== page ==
A debate ensued and Agans, the Mystic High School superintendent, delivered an impassioned opinion. “Gentlemen, if you attempt to do away with girls’ basketball in Iowa, you’ll be standing at the center of the track when the train runs over you!” Agans said, according to the IGHSAU.
An impromptu meeting ensued and 25 men, mostly representing smaller schools, decided they would form a new organization if the IHSAA would not sanction girls’ basketball. It was then the IGHSAU was born.
The game enjoyed remarkable success in the years that followed, the 6-player state tournaments becoming a rite of spring. In 1993, Iowa was the next-to-last state to end the 6-player format and go to the traditional game. Two years later, Oklahoma followed suit.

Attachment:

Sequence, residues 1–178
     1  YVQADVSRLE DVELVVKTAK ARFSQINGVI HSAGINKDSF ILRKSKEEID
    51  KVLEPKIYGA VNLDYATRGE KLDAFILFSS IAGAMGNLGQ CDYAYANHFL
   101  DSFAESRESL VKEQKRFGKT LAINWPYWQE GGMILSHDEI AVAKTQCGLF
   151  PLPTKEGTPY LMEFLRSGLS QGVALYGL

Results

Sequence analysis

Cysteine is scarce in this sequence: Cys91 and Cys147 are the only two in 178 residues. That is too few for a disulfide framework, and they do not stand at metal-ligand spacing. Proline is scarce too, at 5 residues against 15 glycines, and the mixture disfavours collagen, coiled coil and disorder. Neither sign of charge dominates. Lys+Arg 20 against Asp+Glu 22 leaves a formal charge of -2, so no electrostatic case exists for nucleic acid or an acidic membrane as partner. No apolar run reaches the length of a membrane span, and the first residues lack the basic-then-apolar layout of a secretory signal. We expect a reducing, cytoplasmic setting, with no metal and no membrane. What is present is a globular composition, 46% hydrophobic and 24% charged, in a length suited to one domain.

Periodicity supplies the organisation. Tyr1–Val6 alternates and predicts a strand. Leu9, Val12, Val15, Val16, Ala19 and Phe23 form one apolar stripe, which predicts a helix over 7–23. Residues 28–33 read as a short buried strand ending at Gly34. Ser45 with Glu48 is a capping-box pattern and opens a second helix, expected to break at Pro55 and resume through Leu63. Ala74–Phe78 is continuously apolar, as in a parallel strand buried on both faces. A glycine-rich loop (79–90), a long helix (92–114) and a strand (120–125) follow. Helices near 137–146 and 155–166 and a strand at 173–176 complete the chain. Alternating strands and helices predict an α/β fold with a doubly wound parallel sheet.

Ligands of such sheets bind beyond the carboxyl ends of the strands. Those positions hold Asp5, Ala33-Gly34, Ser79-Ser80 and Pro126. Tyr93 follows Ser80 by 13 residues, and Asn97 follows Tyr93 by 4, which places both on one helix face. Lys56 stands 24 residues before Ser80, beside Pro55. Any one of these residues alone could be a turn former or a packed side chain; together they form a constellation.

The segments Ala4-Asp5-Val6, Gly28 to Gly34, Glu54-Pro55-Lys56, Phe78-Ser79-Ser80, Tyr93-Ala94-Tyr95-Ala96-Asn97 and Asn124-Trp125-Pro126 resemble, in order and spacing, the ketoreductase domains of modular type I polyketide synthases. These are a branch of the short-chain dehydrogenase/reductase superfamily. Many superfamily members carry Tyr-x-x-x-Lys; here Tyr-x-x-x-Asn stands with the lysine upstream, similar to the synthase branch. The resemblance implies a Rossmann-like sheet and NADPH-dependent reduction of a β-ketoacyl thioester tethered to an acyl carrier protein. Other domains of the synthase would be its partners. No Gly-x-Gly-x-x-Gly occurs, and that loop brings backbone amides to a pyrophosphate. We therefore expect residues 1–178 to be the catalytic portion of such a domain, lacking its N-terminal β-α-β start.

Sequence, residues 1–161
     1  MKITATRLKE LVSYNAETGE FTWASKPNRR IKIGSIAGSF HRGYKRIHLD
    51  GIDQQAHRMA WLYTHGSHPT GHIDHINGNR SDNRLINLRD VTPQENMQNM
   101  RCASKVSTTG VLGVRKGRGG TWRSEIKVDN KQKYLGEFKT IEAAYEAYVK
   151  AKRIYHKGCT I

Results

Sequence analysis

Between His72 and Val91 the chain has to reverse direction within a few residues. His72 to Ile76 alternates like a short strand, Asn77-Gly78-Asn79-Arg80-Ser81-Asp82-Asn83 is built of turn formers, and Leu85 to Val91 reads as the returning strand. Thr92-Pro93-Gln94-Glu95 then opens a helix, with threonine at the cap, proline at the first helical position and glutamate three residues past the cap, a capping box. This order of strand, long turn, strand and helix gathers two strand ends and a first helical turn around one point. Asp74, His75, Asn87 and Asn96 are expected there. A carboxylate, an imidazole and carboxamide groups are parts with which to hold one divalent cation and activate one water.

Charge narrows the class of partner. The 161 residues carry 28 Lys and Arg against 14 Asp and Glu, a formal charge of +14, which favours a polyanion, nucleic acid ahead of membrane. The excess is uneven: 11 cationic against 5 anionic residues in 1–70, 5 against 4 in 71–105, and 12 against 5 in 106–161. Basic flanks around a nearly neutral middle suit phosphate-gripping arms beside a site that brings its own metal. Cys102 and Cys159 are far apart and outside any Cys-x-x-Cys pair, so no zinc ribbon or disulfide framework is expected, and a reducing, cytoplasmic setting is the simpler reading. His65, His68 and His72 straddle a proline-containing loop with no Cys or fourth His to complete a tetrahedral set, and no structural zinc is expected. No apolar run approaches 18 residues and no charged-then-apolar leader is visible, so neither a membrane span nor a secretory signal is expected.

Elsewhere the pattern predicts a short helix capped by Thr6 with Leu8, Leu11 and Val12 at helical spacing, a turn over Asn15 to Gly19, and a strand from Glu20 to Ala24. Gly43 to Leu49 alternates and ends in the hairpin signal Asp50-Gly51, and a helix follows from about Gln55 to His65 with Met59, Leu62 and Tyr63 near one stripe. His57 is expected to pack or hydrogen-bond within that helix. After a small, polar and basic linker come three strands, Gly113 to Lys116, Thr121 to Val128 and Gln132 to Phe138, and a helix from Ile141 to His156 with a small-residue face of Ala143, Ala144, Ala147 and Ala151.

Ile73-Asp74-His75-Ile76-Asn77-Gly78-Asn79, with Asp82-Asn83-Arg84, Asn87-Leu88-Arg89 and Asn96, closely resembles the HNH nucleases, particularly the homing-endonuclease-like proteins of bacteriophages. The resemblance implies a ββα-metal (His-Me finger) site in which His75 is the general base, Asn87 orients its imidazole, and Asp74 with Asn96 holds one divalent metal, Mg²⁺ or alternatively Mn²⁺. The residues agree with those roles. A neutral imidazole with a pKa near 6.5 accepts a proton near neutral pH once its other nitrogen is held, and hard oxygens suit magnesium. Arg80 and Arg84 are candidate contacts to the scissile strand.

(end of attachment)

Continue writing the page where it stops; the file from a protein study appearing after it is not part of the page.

It was a game with which few today are familiar: Three courts, six players each side.
There was a forward court, a center court and a guard court. Players could dribble only once. After each basket, the ball was returned to center court for a jump ball.
Newhall did it best in 1927. After an undefeated regular season — including wins of 85-2 over Blairstown and 84-2 over Shellsburg — the Newhall girls boarded a train that traveled to Marion and eventually to Mystic, where they had an overnight stay. They went by car the remaining six miles to Centerville, site of the state tourney.
The format then was a four-team, round-robin. Newhall reversed an earlier outcome against Sioux Center in the championship game, 38-37. Newhall trailed 21-10 at halftime and things looked bleak, with three starters having fouled out by the third quarter. A furious rally was completed on sophomore Luella Gardemann’s late basket. She totaled 28 points in that game, then an incredible sum.
Only a handful of Newhall residents attended the tournament, as Iowa weather had turned rural roads to muddy messes. About 200 people gathered at a Newhall restaurant for the title game. Emmett Johnson and Merril Deklotz leased a phone line in Centerville and relayed play-by-play back to the restaurant.